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The unsung skill helping Bellinger chase .400

@_dadler
May 20, 2019

A lot of the time, Cody Bellinger gets to jog the bases for free. He has 17 homers now. But you need more than home runs to be a .400 hitter a month and a half into the season. Bellinger has more. One key part of the package: electric speed.

A lot of the time, Cody Bellinger gets to jog the bases for free. He has 17 homers now. But you need more than home runs to be a .400 hitter a month and a half into the season. Bellinger has more. One key part of the package: electric speed.

Bellinger being fast isn't exactly a secret. He steals. He's made his first base-to-outfield transition more than capably. But his slugging still makes it too easy to overlook just how fast he is.

Bellinger isn't just fast for a slugger. He's one of the fastest players in the Majors. His sprint speed this season -- that's his average top speed on max-effort runs -- is 29.2 feet per second. The MLB average is 27 ft/sec. Bellinger ranks among baseball's Top 20 fastest runners by sprint speed, out of nearly 400 qualifiers, and he's the Dodgers' fastest player.

It's fun to watch Bellinger fly around the bases, but where he really stands out is the first 90 feet. And his home-to-first speed has had a real impact on that .405 batting average he's carrying into Los Angeles' series opener against the Rays on Tuesday.

If you can get down the first-base line in under four seconds, that's serious speed -- the type of speed that can turn groundouts into infield hits, and make bunting for a hit a weapon at your disposal. Bellinger has that extra dimension. He has the most sub-4 home-to-first times of any player this season.

Most sub-4-second home-to-1st times, 2019
1) Cody Bellinger (LAD): 12
2) Kevin Kiermaier (TB): 8
3-T) Billy Hamilton (KC): 7
3-T) Dee Gordon (SEA): 7
3-T) Delino DeShields (TEX): 7

Five of Bellinger's sub-4 home-to-first times have resulted in infield hits. On two others, he also singled, the ball just happened to get through to the outfield.

On four of the five infield hits, Bellinger's sprint speed was at least 30 ft/sec. That's an important threshold: 30 ft/sec and up is elite sprint speed. On the fifth, he was at 29.9 ft/sec, just a hair under the elite range.

Bellinger's fastest infield hits, 2019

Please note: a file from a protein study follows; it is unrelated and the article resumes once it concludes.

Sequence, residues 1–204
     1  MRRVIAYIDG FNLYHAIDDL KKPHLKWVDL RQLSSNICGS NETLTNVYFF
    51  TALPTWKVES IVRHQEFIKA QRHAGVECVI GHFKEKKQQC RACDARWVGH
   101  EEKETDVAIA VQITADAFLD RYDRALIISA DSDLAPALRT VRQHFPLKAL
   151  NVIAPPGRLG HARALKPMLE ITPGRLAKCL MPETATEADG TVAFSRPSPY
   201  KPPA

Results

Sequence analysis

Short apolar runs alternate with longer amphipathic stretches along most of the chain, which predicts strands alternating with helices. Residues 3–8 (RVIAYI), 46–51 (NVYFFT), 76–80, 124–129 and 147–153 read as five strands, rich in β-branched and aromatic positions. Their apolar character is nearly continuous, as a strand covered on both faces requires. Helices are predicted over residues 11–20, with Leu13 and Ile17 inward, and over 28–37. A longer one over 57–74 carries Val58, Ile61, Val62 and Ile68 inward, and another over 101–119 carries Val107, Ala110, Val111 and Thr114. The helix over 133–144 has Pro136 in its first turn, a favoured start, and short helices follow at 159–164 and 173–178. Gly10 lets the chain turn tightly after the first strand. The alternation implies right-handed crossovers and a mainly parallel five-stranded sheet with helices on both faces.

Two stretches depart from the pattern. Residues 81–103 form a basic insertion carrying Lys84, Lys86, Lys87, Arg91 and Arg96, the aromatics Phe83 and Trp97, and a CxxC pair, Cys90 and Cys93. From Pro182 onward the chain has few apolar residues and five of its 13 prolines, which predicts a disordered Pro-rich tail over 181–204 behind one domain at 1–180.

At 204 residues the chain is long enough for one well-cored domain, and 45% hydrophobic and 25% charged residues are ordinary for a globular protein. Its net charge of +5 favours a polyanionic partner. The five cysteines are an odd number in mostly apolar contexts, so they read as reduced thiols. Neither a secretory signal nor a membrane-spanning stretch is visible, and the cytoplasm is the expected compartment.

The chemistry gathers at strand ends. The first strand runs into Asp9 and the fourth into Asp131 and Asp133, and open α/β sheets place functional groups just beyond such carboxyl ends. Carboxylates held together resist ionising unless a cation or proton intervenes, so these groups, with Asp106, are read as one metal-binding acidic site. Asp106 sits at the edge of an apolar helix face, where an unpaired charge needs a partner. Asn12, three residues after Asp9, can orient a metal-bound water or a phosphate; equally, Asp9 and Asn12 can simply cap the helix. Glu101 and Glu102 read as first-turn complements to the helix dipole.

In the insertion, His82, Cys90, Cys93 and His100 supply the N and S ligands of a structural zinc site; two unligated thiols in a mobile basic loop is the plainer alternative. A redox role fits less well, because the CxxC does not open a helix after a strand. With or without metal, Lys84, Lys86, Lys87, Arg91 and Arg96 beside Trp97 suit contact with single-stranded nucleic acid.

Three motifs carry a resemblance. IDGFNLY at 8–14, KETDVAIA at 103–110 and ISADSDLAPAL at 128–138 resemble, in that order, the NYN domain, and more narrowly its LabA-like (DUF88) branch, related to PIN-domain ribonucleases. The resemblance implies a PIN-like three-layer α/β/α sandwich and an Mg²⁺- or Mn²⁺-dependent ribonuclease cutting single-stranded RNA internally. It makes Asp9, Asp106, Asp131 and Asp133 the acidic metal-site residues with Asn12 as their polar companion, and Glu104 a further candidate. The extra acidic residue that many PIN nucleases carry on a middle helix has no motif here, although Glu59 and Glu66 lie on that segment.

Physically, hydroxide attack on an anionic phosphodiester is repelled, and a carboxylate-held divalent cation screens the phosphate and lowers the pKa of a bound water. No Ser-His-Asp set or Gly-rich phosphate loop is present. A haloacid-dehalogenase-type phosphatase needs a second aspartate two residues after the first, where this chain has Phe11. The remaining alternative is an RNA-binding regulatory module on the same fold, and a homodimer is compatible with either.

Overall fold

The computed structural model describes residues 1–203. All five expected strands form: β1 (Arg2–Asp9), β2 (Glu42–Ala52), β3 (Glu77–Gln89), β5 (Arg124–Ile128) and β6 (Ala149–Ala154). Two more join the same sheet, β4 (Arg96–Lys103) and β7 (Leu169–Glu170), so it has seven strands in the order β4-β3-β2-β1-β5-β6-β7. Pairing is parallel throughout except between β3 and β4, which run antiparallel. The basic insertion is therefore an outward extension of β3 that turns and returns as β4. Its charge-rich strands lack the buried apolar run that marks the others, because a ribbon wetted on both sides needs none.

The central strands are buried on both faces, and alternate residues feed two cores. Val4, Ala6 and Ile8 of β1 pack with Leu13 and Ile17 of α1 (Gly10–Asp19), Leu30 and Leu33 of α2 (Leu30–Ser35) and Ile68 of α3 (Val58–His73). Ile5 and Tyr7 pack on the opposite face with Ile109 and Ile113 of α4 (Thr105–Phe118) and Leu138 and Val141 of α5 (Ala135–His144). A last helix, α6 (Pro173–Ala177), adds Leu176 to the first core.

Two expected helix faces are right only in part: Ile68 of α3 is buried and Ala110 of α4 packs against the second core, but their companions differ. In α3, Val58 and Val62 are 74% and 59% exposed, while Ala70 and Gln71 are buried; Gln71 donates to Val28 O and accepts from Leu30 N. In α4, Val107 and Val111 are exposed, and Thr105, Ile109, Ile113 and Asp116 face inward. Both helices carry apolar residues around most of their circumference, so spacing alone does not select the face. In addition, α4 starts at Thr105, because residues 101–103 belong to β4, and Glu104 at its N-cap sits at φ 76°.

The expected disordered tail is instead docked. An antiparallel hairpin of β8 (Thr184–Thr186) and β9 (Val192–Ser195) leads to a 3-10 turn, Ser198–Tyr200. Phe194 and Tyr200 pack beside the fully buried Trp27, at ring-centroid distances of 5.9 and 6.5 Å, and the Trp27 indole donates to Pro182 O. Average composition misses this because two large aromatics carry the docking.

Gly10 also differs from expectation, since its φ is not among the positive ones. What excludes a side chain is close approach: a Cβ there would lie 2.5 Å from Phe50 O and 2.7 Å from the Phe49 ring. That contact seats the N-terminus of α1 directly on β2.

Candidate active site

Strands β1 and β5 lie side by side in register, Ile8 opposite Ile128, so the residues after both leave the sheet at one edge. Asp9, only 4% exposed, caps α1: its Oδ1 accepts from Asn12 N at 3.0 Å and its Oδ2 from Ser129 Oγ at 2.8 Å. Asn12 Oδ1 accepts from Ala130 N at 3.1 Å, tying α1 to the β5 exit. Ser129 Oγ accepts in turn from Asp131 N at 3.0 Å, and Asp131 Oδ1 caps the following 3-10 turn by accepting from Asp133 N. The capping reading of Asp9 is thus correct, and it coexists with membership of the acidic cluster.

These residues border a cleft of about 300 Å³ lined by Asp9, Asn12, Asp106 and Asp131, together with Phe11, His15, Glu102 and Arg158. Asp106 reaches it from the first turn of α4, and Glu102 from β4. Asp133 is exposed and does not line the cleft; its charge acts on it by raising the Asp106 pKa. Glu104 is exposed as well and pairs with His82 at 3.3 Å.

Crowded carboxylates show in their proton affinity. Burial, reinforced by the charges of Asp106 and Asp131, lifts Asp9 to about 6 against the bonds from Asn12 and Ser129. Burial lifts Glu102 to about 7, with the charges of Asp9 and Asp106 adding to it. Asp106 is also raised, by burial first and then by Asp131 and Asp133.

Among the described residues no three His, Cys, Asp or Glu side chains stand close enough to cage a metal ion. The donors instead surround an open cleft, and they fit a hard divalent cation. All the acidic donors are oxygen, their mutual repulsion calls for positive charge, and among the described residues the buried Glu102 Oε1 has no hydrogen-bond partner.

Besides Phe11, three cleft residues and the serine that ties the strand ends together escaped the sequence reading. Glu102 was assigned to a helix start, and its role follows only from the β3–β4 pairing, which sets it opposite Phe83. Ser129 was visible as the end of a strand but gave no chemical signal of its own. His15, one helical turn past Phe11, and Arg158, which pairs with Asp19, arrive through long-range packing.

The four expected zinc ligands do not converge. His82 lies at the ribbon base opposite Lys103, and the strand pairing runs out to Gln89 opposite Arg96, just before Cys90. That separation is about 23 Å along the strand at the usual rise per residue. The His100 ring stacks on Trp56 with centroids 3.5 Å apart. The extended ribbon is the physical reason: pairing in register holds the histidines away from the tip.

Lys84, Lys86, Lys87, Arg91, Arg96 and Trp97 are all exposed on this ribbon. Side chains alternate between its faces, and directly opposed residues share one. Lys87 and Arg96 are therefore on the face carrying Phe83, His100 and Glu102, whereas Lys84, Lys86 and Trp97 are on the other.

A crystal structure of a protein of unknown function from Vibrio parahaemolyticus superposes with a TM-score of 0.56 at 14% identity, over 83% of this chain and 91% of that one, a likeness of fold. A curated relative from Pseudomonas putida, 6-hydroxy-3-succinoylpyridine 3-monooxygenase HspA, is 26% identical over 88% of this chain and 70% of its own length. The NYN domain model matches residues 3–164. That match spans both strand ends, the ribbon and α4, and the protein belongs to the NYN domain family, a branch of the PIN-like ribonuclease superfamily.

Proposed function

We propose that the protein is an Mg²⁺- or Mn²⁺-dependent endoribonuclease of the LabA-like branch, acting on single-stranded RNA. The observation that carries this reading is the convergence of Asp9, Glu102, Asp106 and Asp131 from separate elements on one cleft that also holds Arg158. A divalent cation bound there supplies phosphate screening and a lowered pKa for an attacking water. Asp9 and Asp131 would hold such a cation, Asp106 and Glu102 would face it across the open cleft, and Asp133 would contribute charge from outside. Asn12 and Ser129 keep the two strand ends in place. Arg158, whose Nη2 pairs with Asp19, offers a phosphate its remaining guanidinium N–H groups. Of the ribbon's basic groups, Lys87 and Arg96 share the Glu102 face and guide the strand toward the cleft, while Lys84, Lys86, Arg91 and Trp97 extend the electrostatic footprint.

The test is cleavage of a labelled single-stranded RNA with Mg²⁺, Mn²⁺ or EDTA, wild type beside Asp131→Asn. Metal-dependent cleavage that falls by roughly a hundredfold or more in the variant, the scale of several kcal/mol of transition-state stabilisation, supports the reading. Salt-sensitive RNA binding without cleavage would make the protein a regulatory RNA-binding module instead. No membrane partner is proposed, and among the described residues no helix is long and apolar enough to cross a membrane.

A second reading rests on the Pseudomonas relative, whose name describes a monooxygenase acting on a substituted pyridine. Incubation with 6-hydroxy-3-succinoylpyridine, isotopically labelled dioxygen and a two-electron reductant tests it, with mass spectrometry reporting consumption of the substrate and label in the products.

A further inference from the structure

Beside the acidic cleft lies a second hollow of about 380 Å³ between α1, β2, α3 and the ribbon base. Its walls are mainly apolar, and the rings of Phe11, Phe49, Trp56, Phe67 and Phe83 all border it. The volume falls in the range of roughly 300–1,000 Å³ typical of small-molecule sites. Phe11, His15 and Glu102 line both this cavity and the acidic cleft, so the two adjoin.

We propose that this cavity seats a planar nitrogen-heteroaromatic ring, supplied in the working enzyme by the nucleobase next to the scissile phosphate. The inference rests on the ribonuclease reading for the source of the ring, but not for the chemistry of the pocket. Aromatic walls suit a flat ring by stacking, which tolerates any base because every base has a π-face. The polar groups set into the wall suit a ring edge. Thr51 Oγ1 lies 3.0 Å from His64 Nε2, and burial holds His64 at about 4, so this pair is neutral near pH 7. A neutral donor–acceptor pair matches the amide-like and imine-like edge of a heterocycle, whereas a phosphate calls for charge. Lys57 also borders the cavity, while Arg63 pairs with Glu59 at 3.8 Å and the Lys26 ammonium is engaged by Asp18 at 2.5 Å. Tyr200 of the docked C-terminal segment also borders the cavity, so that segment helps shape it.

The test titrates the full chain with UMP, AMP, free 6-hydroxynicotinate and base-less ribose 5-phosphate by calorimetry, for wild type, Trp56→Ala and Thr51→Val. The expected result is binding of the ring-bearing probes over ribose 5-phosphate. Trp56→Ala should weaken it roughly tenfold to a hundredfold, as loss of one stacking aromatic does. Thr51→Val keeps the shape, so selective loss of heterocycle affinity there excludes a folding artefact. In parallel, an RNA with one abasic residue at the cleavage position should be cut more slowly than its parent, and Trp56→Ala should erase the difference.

3.81 sec -- May 6 (bunt) | 30.6 ft/sec sprint speed
3.83 sec -- May 10 | 30.2 ft/sec sprint speed
3.84 sec -- April 7 | 30.7 ft/sec sprint speed
3.96 sec -- April 3 | 30.0 ft/sec sprint speed
3.98 sec -- April 19 | 29.9 ft/sec sprint speed

Bellinger actually has the Dodgers' nine fastest base hits this season. He has their seven fastest home-to-first times overall, and 15 of their fastest 16, with only a 3.94-second sac bunt by Chris Taylor sneaking in at No. 8. (For good measure, he also has their fastest double, 7.69 seconds on May 7.)

On "max-effort" runs -- a player's most competitive plays, where he really has a reason to bust it down the line -- Bellinger's average home-to-first time this season is 3.89 seconds. That's fourth-fastest of any player with at least five qualifying max-effort runs.

Fastest avg. "max-effort" home-to-1st time, 2019
Min. 5 max-effort runs
1) Delino DeShields (TEX): 3.72 sec
2) Harrison Bader (STL): 3.79 sec
3) Garrett Hampson (COL): 3.84 sec
4) Cody Bellinger (LAD): 3.89 sec
5-T) Billy Hamilton (KC): 3.93 sec
5-T) Jarrod Dyson (ARI): 3.93 sec
Max-effort: Player's top 10% of runs

Bellinger has bunted for hits. He's beaten out routine grounders into the shift. He's outrun the pitcher covering on a flip from the first baseman. He's spoiled infielders' highlight reels by coming up with hits on balls up the middle that could have turned into web-gem outs against a slower runner.

These are hits made possible by his speed, and all those extra hits add up. Bellinger has nine hits within the infield this season, out of his Major League-leading 66 total; only Jeff McNeil (13) and Jean Segura (10) have more.

Nine hits are the difference between Bellinger having the .405 batting average that he does and having a .350 batting average. The five sub-four-second infield hits alone are the difference between .405 and .374 -- still brilliant, but less like Ted Williams.

So the next time you see Bellinger put the ball on the ground, don't take your eyes off the screen just because he didn't go deep. There's a decent shot he'll create a hit out of what looked like nothing.

David Adler is a reporter for MLB.com based in New York. Follow him on Twitter at @_dadler.